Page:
This article is by Laurie C. and was originally published on her blog, Bay State Reader’s Advisory. If you like this review and the recent cook book reviews, you should check out her blog and as well as the weekly cooking meme she participates in: Weekend Cooking hosted by Beth Fish Reads.
After almost 30 years of putting dinner together a few times a week, I turn to the same cookbooks again and again: the Moosewood Restaurant cookbooks and cookbooks by Mollie Katzen, originally part of the Moosewood collaborative.
With the garden produce dying out, I wanted to make at least one last lunch from stuff picked fresh from the garden. Since a few cute baby eggplants were ready to pick, as well as cucumbers, tomatoes, and peppers, and since we had Kalamata olives and feta cheese in the fridge, I pulled out one of my most used cookbooks, Moosewood Restaurant Cooks at Home, for its Greek Pasta Salad recipe. Unfortunately, I didn’t have any fresh dill (which really adds to the salad’s flavor) or scallions (which I meant to replace with red onion, but forgot) but the salad was still delicious.
The Moosewood Restaurant in Ithaca, NY, includes fish on its vegetarian menus, so a few recipes call for fish or shellfish, but most of the recipes are completely vegetarian. What I like about the Moosewood cookbooks is that they use only ingredients that can be pretty easily found if you’re anywhere near a large town, so you don’t have to make a special visit to a natural foods store before using the cookbooks. They also make great reading, with their entertaining recipe introductions and casual air of friends in the kitchen; Mollie Katzen’s cookbooks also have pleasing illustrations and a friendly design. The recipe directions imply confidence in your culinary skills, giving you enough information but not an overload of strict precautions and precise measurements. None of them have intimidating glossy color photos of meals that look like they were made by professional chefs or put together by food stylists.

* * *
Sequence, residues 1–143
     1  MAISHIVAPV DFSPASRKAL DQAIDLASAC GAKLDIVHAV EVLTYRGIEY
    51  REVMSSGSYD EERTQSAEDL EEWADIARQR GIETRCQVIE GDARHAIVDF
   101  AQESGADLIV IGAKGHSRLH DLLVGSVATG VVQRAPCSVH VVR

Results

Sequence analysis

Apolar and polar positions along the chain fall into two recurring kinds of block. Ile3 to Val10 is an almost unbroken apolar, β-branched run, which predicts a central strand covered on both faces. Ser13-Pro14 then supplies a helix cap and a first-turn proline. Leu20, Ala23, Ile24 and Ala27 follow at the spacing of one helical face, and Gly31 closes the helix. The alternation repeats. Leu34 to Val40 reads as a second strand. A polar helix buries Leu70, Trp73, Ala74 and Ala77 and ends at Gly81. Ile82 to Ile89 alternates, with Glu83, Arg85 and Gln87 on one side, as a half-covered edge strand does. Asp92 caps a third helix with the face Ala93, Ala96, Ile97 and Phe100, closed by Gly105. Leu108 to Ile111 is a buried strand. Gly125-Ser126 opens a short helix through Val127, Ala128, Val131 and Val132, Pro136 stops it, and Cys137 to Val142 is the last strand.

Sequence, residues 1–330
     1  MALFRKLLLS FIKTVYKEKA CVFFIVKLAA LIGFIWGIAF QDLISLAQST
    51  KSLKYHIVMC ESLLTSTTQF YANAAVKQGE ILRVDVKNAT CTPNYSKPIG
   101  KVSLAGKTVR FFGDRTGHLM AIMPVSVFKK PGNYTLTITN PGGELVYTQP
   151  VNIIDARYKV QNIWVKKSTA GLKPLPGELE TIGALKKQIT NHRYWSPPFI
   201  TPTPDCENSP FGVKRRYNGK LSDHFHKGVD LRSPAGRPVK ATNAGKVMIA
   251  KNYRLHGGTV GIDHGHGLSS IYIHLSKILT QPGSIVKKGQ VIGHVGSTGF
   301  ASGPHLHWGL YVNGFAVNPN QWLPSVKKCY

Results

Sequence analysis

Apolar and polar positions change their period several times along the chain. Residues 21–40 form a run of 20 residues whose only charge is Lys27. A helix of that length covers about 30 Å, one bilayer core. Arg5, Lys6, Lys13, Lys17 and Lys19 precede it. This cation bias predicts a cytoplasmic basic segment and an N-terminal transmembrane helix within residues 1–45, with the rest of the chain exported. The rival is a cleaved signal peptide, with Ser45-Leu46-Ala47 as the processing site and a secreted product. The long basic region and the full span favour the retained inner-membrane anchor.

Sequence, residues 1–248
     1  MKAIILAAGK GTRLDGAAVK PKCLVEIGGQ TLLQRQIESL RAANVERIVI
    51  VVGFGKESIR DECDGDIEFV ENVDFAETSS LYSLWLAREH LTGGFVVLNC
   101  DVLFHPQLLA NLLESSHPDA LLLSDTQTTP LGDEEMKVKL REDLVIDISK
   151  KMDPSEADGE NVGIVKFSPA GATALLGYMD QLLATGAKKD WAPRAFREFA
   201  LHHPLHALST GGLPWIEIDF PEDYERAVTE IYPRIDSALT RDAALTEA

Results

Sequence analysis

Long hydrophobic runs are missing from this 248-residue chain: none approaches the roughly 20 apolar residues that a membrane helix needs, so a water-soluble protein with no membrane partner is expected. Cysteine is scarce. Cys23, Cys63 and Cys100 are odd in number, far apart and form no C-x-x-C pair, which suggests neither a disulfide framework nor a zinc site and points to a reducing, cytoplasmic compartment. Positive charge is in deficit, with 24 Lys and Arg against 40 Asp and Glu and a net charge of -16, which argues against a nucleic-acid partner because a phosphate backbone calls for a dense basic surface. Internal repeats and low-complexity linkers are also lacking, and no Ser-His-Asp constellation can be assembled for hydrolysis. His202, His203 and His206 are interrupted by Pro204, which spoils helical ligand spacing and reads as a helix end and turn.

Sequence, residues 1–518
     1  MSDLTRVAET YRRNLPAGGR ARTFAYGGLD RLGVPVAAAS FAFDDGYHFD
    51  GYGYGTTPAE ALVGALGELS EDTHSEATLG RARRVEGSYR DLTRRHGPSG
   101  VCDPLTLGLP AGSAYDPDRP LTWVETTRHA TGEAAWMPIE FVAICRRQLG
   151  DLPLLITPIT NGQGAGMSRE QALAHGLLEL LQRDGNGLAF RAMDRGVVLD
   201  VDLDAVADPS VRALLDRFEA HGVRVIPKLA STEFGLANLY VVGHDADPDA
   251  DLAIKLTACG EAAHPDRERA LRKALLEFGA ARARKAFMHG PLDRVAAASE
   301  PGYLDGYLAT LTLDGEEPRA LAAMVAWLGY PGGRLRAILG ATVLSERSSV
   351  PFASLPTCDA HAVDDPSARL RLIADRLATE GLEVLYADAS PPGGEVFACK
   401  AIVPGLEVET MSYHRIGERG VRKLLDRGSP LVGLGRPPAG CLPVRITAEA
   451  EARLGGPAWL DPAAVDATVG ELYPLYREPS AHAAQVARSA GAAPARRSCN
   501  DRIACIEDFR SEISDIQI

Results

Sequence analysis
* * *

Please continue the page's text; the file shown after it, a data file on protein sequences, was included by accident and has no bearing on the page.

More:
Another old favorite, The Vegetarian Epicure by Anna Thomas, didn’t survive the transition from just-married to three-child family and Laurel’s Kitchen‘s didn’t survive the transition from country to city life, but the Moosewood Restaurant cookbooks, as well as several by Mollie Katzen (especially Moosewood Cookbook and The Enchanted Broccoli Forest) have been the source of many favorite family meals over the years.
A neighborhood landmark, the Moosewood Restaurant has been owned and operated by a collective of the people who work there for almost 40 years, and was named one of the 13 most influential restaurants of the 20th century by Bon Appetit. (See Cornell Daily Sun article.) The Moosewood Collective also donated its papers, including some original cookbook manuscripts, to Cornell University’s Carl A. Kroch Library.
Many thanks to Laurie C. for letting me re-blog this review.